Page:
This reminds us that entering into a new space is never or never ought to be just a simple act of walking. Wherever we go, there is a presence of a people, and a coming together both physically and spiritually. I was reminded of walking through the entry gate of Tassajara, or how my friends and I used to anoint ourselves with oil as we began a hike in the wilderness.
There was one other Maori practice that Phillip alerted me to, that he thought related ot the yogic notion of prana–life energy in the breath. The Maoris have custom called hongi, which is a ritual greeting done by lightly touching noses and foreheads, and inhaling and thus exchanging breath with each other, sharing life force. This goes with the legend of the creation of the first woman, Hineahuone, who was formed from clay by the creator god Tane, who then breathed life into her nostrils. (You will recall of course the second story of creation, and the Lord God doing this with and for Adam.)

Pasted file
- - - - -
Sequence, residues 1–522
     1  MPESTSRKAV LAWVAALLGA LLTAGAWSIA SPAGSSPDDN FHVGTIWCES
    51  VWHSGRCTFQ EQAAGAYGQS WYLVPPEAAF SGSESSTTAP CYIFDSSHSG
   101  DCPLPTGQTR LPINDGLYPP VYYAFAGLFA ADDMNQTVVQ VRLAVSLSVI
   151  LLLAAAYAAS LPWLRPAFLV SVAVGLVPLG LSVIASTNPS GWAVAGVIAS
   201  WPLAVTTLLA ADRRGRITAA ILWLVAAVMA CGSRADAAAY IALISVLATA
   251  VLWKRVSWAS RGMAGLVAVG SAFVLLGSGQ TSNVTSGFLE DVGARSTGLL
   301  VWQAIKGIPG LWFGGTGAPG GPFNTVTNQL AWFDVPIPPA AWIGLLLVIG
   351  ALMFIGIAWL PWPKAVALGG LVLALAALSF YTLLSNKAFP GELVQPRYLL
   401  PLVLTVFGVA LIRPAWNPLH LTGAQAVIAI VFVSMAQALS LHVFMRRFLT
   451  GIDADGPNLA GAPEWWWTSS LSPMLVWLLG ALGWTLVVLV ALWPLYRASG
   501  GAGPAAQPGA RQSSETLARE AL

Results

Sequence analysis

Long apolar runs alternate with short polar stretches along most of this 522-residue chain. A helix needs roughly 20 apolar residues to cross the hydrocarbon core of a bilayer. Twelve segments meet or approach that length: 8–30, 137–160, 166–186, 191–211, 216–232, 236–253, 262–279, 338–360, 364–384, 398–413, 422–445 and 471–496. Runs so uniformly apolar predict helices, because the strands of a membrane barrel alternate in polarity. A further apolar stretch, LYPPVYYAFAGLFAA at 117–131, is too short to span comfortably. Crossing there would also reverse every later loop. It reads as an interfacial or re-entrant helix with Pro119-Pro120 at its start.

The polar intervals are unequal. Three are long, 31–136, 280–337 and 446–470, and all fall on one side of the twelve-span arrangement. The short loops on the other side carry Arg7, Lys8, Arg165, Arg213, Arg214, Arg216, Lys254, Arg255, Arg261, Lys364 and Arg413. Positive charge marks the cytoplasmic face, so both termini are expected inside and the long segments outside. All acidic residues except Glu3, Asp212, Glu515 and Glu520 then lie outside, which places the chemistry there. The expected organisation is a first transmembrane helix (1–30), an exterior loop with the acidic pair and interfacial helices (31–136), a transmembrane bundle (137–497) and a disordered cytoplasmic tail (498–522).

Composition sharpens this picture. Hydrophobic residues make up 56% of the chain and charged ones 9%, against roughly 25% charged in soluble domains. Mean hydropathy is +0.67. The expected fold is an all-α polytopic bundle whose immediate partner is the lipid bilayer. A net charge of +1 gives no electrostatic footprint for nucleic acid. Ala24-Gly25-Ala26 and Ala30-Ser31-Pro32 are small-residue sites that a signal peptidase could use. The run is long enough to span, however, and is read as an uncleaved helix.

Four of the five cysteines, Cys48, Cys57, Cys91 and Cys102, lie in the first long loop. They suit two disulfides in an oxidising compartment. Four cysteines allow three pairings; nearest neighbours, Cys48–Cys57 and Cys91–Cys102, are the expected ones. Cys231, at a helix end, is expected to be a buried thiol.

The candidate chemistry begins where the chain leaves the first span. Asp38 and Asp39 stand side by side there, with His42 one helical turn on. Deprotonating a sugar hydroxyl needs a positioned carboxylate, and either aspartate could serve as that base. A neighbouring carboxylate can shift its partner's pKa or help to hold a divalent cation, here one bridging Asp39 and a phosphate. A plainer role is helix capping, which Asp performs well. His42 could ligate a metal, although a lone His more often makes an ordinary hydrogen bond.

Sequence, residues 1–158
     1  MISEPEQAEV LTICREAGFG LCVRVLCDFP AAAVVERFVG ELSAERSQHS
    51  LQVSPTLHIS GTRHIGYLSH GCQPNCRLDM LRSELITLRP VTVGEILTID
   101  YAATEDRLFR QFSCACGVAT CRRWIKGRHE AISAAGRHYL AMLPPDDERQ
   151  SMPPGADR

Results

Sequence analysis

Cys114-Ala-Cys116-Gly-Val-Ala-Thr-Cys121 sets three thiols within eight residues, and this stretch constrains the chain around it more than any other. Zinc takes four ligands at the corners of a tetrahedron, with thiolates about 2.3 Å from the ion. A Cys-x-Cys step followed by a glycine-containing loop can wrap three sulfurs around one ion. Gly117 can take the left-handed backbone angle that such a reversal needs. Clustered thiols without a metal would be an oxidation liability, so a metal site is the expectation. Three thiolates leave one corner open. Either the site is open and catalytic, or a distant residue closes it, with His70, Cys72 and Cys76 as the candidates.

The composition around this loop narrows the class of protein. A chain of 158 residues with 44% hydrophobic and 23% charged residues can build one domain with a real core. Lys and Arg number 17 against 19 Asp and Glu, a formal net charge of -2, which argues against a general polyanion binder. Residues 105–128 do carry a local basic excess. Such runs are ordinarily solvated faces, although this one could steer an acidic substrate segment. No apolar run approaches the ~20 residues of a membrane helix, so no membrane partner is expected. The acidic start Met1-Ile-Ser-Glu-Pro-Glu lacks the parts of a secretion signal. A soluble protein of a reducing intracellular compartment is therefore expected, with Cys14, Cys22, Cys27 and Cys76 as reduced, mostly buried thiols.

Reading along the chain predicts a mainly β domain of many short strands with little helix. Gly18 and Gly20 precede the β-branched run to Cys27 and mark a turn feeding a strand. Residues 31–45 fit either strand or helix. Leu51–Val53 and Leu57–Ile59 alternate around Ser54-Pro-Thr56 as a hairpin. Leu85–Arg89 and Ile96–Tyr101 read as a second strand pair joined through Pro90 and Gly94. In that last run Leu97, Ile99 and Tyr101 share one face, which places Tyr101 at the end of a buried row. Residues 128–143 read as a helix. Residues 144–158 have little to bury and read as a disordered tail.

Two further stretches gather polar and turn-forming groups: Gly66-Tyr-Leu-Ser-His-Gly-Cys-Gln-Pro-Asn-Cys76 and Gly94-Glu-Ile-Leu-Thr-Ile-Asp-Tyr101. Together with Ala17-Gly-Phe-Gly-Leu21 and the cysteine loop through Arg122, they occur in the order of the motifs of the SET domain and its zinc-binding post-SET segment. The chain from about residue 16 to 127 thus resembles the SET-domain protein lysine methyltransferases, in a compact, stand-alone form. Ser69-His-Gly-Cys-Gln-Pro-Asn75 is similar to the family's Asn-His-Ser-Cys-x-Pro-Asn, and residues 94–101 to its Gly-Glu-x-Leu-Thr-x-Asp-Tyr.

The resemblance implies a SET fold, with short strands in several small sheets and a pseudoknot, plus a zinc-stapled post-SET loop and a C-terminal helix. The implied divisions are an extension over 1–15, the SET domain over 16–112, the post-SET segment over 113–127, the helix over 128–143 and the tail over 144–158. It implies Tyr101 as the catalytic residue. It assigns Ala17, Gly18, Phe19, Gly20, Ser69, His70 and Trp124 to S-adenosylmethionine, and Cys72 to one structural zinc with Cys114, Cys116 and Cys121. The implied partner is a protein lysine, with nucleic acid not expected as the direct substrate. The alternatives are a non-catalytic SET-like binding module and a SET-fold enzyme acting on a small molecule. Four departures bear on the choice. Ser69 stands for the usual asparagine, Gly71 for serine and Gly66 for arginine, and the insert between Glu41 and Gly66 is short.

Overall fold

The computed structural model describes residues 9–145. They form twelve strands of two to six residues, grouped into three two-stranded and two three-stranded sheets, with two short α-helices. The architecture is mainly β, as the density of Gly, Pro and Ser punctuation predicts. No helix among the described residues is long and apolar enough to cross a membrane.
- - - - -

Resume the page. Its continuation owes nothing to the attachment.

Another similar Maori concept is “Tihei mauri ora,” which literally means, “Sneeze! It’s the breath of life!” I’m told that this is often used in a practical way to draw attention to a speaker at the beginning of formal speeches. I might try it some time.

I just spent three days staying at a Baptist retreat center on the coast with three of our oblates and had a wonderful retreat with them, conferences, stretching and breathing, chanting and praying and wonderful meals provided by Elizabeth. This morning I did a short presentation for some high school students at the local Catholic high school, which went really well. The kids were very interested, well prepared and articulate, and had great questions. Today my kind handlers have given me some time off for good behavior, so I am sitting in a very nice internet café in the library, and then to wander around town on my own recognizance. Tonight and tomorrow night two presentations at local churches, singing songs and telling stories. Really wonderful hospitality and reception here from these good folks. Off to Australia on Friday.

(I can't download any pictures of illustration but will try to remedy that later.)